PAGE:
A repackaged CRM Midmarket Edition, the product's lower price should appear to small and mid-sized companies. Siebel is working with third parties to provide fixed-price integration and implementation services.
Last week, Siebel Systems Inc. unveiled a substantially repackaged and re-priced version of its former Midmarket Edition CRM offering, which it calls CRM Professional Edition.
Siebel says that CRM Professional Edition is priced and designed specifically for small- and mid-sized organizations.
Siebel officials stress that the revamped offering shares many core features—such as sales, marketing, and service modules—with the company’s flagship enterprise packages. Because it has been especially careful to position CRM Professional Edition as a feature and functional descendent of its enterprise packages, analysts say that Siebel hopes to avoid the packaging and pricing problems which dogged its CRM MidMarket Edition offering.
So what’s different? For starters, says Justin Shriber, group product manager for CRM Professional Edition, the new offering runs only on Microsoft’s 32-bit Windows platforms (Windows 2000 and Windows Server 2003) and is optimized for Microsoft’s SQL Server 2000 (it also runs on Oracle and DB2). Siebel’s enterprise software packages, of course, run on Windows, Linux and several flavors of Unix, and also support a spate of relational database platforms.
“What we found is that customers are running on Windows, so rather than spreading our investment across a number of different operating systems, we decided that we would run exclusively on Windows,” Shriber explains.
Then there’s the pricing issue, long the sticking point for many mid-market customers. “What makes small- and medium-enterprise customers unique is that they have much less cash beneath them than some of these larger customers, and they don’t have the economies of scale, so a CRM implementation gone awry can actually make or break a company.”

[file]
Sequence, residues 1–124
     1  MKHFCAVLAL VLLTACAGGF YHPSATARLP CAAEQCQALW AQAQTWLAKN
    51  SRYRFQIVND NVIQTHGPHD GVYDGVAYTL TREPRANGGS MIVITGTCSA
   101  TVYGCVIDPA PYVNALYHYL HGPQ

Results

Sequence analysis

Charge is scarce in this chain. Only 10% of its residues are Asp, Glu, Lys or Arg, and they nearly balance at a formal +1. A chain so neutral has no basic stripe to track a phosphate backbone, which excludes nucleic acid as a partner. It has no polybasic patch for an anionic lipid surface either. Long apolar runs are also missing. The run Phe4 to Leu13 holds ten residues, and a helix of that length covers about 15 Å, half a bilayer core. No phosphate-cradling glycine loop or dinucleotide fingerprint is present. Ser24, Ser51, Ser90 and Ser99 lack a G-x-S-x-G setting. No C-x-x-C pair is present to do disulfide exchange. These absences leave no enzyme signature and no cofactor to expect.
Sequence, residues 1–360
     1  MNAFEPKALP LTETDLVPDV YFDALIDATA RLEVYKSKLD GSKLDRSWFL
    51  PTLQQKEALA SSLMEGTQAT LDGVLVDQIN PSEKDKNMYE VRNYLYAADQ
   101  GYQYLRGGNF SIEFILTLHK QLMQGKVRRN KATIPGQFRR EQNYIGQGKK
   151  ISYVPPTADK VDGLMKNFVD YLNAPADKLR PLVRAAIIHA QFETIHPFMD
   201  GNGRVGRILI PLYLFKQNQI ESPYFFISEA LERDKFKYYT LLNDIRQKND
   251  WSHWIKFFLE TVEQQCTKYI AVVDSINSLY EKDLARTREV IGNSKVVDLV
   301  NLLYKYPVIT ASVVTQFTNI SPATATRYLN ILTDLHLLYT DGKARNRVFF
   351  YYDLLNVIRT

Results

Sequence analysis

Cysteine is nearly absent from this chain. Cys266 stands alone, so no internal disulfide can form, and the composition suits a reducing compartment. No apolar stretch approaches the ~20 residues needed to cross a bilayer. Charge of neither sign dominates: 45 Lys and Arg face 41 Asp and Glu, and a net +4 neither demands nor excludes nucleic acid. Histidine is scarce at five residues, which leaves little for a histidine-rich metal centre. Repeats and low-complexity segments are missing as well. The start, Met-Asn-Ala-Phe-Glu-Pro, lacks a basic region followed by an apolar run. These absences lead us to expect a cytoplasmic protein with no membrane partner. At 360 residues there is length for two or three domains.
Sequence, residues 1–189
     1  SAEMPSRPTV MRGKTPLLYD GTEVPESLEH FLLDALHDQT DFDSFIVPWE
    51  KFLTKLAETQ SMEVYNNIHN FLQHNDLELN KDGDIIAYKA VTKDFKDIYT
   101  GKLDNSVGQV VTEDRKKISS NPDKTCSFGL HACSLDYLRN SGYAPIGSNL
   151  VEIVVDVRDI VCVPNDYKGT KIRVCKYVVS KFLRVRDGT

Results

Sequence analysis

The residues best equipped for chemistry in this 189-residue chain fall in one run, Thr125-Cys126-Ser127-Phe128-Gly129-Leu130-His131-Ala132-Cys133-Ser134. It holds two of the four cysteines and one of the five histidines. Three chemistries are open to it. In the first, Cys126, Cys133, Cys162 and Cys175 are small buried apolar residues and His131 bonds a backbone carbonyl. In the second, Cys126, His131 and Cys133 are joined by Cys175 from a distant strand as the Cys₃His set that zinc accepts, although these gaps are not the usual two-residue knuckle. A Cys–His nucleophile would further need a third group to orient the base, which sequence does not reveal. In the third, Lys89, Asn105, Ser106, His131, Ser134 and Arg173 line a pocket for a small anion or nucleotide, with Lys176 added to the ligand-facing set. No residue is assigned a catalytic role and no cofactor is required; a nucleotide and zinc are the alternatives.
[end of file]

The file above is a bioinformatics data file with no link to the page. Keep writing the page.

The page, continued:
Shriber says that Siebel plans to offer mid-market customers several financing plans if they are unable to afford lump sum payments.
Elsewhere on the pricing front, Seibel is working with resellers and systems integrators—such as Tier1 Innovation—to help provide fixed-price integration and implementation services. “We’re actually shifting risk from the customers who haven’t necessarily done this before over to integrators who’ve been doing this for years,” Shriber claims. “One of the things we’ve recognized is that if you can lock in some of the best integrators and resellers who really have expertise, you really can minimize the risk [of a CRM implementation].”
In addition to its sales, marketing, and service modules, Siebel lets customers choose from among forecasting, knowledge management, and e-mail marketing modules, as well. According to Shriber, Siebel will introduce industry-specific versions of CRM Professional Editions for the financial services and verticals, among others.
Finally, CRM Professional Edition customers can choose from among a conventional, on-premise CRM offering, a hosted OnDemand service, or some combination of the two, Shriber confirms. “The good news is that you don’t have to decide up front that you want to go with a hosted solution. You can purchase Professional Edition and then later on down the road make a decision to go with the hybrid solution,” he says.
Ian Jacobs, a CRM analyst with consultancy Current Analysis Inc., says that with CRM Professional Edition, Siebel has made an effort to address many of the shortcomings of its erstwhile CRM MidMarket Edition. “This time 'round, Siebel’s recognition that the mid-market wants the same depth of functionality as the enterprise will make it a much more attractive option for midsized customers looking to step up from hosted systems, contact management applications, or overstretched, home-grown applications,” he writes.
At the same time, he concedes, CRM Professional Edition’s overwhelming dependence on Microsoft technologies could amount to a competitive vulnerability. “Competitors such as SAP, PeopleSoft, and especially Oracle, can focus their messaging on the scalability of the database underlying their applications,” he points out.
Stephen Swoyer is a Nashville, TN-based freelance journalist who writes about technology.